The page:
The Book that Turned Me into a Reader

An illustration of Milo from The Phantom Tollbooth
An illustration of Milo from The Phantom Tollbooth

Although I remember reading fairly often as a child I don’t have too many memories of myself being engrossed in what I was reading. For me reading was on par with anything else as a gentle aversion. Reading was like riding my bike or eating ice cream. It was something to while away the hours until The Simpsons came or between building marble races.  Then when I was in fourth grade everything changed.

When I was in the fourth grade we had twenty minutes of each day set aside for quite reading. It didn’t matter what we read. We could choose a book off our teacher’s shelf or bring something of our own in; all that mattered is that we were reading.  It was during this quiet reading time that I first read The Phantom Tollbooth and discovered that books can something more. To say that The Phantom Tollbooth changed my life is overstretching it a bit but Norton Juster’s whimsical epic did impart to me one of the greatest lessons I’ve ever learned: the world is full of wonderful things that you’ve never heard of.

The lesson came more from my experience of reading The Phantom Tollbooth than the actual text itself. Although, I suppose if the book wasn’t so wonderful I would’ve had to wait a bit longer to learn this lesson. Anyways I remember sitting in class and reading when I had the thought “How come no one has told me about this?” It’s a question I still ask myself all the time. Did you know I had to spend twenty years before I found out about Oingo Boingo? Do you know how many times I had to read Our Town before I got to read Eugene Ionesco’s Rhinoceros?  The Phantom Tollbooth prepared me for a life of hunting for the things that I like.  It taught me that the world of the unknown if worth exploring and that you don’t have to settle for boredom and apathy.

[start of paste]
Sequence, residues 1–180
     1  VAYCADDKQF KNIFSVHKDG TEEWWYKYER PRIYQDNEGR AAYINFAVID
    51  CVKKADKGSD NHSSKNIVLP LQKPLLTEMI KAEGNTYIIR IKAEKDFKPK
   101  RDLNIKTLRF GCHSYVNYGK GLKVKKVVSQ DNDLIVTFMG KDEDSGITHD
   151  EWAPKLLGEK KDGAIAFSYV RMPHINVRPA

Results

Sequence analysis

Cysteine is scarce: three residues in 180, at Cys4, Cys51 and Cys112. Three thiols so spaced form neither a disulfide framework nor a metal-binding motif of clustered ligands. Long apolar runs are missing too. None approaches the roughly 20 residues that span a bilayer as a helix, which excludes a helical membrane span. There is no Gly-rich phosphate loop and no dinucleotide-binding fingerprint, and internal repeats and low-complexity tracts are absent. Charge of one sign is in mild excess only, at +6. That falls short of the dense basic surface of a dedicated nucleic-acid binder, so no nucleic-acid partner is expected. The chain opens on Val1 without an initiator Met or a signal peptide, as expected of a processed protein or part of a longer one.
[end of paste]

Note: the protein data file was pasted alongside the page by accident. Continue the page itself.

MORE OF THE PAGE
When I began writing this blog series, my intent was to share fantastic pieces of literature that still inspire that old hunger in me. Writing that as soon as I read it I ask “How come no one has told me about this?” In part, I started writing this blog as a challenge to myself.  A test to see if could find enough material to fill a weekly void.  It’s been a wonderful chore and one that has introduced me to a whole bunch of texts I might not have otherwise been looking for.

So what do you think? What was the first book you read that turned you into a reader? What is something really awesome that you feel compelled to tell others about? What is something you do in attempt to “stay hungry?” Please leave some comments below so that we can continue our conversation on childhood memories, The Phantom Tollbooth, and why no one ever tells me about cool things.

– Jet Fuel Blogger, Lucas Sifuentes

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